Mental needs bring man to his highest climb. They give man his humanity. To be able to forgo physical and emotional needs; performing some act because it has been proven to serve some greater principle through experience; to rise above hunger and feed another; to transcend depression and other emotional needs to do what is right. Summing up ones experience and leaving behind the building-block choices of the past to reach higher is the hallmark of acting in concert with mental needs.

Often people talk about finding themselves. In these situations, they make choices that may be different than what was done in the past. Action, as has been explained, is the extension of need. The desire to fulfill need produces action. But the specific action and the specific need have between them something of vital importance--assumption. I am hungry… I assume by eating this hamburger my need will be fulfilled… I eat the hamburger. After this social experiment, the assumption will either be strengthened or weakened. If my hunger-pains disappear the assumption will be strengthened. If the hunger-pains disappear, but I get a stomachache that hurts worse than the hunger-pain, the assumption that the burger relieves hunger-pain will be strengthened, but at the cost of creating a stomachache.

Emotional choices are based on the same principle. I will marry because I have a number of desires. These desires come from the chemical makeup of my humanity that came from my parents and include the physical, emotional, and mental needs previously discussed. These desires are also created by the environment that I grew up in, thus bringing us back to the original proximity theory. Who I am, or what my actions are, is created by the proximity of chemicals in the chemical structure built by my parents and the elements of the environment that I perceive. Again, as humans we are what we do. If I work in a hospital and cure people’s illnesses, I am a doctor. If I provide for the physical, emotional, and mental needs of my children, I am a good father. If I treat my friends poorly, I am a poor friend.

After our desires have been formed within us, we then spend our early-childhood years watching our parents, siblings, and family friends. We listen to teachers and try to understand the world around us. Our perception of the proximity of the elements of our environment created assumptions. These assumptions are strengthened or weakened by our choices. After years of life living, we either become a complete mess by not interpreting the result of action in a way that strengthens assumptions creating action which fulfills desire or we become well-functioning human beings that understand its desire and link them to actions with assumptions.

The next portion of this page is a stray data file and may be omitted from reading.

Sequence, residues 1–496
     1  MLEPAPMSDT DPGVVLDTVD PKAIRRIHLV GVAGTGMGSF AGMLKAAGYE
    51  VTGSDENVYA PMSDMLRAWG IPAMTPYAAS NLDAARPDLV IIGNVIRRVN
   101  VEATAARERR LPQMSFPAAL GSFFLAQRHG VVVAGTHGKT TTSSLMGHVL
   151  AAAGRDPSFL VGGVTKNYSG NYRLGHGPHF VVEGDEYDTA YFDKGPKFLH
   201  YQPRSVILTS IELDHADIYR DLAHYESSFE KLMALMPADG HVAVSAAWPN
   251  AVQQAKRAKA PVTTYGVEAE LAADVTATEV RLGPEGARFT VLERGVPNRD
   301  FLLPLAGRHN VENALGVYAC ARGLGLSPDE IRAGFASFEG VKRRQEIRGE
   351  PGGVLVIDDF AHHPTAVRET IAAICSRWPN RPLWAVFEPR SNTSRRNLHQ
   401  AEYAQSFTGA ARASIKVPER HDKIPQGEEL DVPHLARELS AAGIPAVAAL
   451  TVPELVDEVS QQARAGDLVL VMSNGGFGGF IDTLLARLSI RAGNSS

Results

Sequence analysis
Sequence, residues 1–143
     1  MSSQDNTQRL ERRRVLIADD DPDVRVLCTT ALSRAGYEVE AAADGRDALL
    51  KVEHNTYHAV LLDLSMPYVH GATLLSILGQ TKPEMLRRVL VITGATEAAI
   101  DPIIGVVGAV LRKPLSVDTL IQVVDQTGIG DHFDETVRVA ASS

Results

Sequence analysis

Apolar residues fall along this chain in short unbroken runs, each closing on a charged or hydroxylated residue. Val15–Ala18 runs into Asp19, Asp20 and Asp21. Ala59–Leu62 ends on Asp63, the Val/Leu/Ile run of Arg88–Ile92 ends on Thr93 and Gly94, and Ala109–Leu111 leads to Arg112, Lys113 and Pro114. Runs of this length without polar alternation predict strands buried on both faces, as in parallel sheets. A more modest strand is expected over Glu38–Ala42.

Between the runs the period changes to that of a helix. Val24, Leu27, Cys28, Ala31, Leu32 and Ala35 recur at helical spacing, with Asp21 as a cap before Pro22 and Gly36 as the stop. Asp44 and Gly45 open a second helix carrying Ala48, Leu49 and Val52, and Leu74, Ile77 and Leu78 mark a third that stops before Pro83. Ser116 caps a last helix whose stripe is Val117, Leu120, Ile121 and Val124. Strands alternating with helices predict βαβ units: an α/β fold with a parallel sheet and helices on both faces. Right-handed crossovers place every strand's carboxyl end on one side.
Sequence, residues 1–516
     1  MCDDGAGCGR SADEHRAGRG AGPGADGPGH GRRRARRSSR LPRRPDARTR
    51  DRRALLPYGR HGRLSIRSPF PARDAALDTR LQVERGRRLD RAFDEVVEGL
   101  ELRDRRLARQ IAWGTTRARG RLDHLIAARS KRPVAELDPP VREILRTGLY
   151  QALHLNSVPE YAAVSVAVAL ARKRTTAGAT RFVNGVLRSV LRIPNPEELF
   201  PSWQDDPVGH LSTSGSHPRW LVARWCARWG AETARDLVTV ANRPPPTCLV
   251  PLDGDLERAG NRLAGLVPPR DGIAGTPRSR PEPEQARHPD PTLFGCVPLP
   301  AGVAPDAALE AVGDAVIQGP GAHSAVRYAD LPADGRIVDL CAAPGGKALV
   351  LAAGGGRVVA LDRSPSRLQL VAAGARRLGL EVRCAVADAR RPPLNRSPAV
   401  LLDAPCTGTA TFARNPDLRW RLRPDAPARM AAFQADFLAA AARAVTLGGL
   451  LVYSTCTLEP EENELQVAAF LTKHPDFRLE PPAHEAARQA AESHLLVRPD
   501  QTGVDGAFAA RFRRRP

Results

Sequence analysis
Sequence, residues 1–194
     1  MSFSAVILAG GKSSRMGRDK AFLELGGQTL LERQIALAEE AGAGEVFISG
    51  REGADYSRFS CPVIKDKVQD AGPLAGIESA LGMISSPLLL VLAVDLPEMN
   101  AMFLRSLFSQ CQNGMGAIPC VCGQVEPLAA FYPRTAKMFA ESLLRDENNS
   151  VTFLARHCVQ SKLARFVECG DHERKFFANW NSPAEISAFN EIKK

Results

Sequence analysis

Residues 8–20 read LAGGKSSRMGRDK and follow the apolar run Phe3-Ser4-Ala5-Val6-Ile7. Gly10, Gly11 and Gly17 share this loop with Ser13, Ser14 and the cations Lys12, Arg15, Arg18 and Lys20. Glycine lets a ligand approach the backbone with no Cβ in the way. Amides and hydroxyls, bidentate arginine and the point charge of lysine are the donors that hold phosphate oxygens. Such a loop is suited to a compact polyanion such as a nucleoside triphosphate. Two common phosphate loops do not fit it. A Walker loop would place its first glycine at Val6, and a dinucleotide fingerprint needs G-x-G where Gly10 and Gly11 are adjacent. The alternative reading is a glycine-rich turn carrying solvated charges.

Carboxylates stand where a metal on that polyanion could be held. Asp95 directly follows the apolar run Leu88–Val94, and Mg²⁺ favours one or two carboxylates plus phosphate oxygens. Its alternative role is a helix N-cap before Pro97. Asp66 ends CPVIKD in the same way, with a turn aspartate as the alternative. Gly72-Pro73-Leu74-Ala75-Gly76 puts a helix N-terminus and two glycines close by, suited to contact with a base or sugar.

People that are said to never change are probably those that have found a collection of actions that fulfill basic desires. Once those desires are fulfilled through action there is no reason to change. People who change dramatically or often are probably those whose collection of actions do not seem to fulfill basic desires; and thus new, sometimes dramatic, actions are experimented with based on the assumption that desires may be fulfilled by a new set of actions.

The assumptions that people learn or create are again based on the proximity of that person and the elements of their environment. For example, if I am hungry I eat a hamburger. After eating it I don’t feel that the hunger pain has left. A friend of mine tells me that they once ate a hamburger and were not filled, but after eating a chicken-burger were filled. The person then needs to make a choice. Will he create the assumption that his friend is telling the truth and that the chicken-burger will eliminate hunger-pain, thus eating the burger?

Persuation is a process that occurs as we hear messages from friends and convince ourselves that the proposed action will fulfill desire. Persuation is the creation of assuption. Some ideas would not come to our minds if they had not been introduced by others, but the final action is simply the acception of a given action's assumption being acted upon. Time and experience, or exposure to assumption and the result of action, lead one to believe a certain line of reasoning, while disregarding others.

Cultural norms play a strong part of our assumptions. We are taught by parents and religion and society. Within our heads comes a structure of what we think we need and what we think will fulfill those needs. A person’s experience strengthens or weakens that set of assumptions and helps us understand our perceived needs. Experience is the proximity of me and all things around me set on the timeline of life.

I will make choices this day because of who I have created myself to be. I have become who I am because of the assumptions that I have accepted from the people I choose to be close to and my perception of the result of past experience.

I am what I do. I do what I am. And oh how different my choices may be if I change every thing that I place around me.

Wednesday, February 18, 2009

Fool's Hill

Dallin H. Oaks, speaking about the “Fool's Hill,” said that once able to get on this little hill one is then able to “with… maturity… glimpse the wider vistas beyond.” The Fool’s Hill is only a small mound, which I thought, when mounting it, was great and awful. That idea combined with advice from a dear friend, that “one should never put the horse before the cart” means: successful completion of the exam yesterday was the start, not the end, of many challenges that are yet ahead. These challenges need to be taken one at a time, in a timely, organized fashion. That friend said, "If we truly believe that God has a plan for our lives, then we should be willing to allow God to work his plan. All we have to do is be diligent and patient."

So, then I’m off to the library. Apparently, there is more to do there.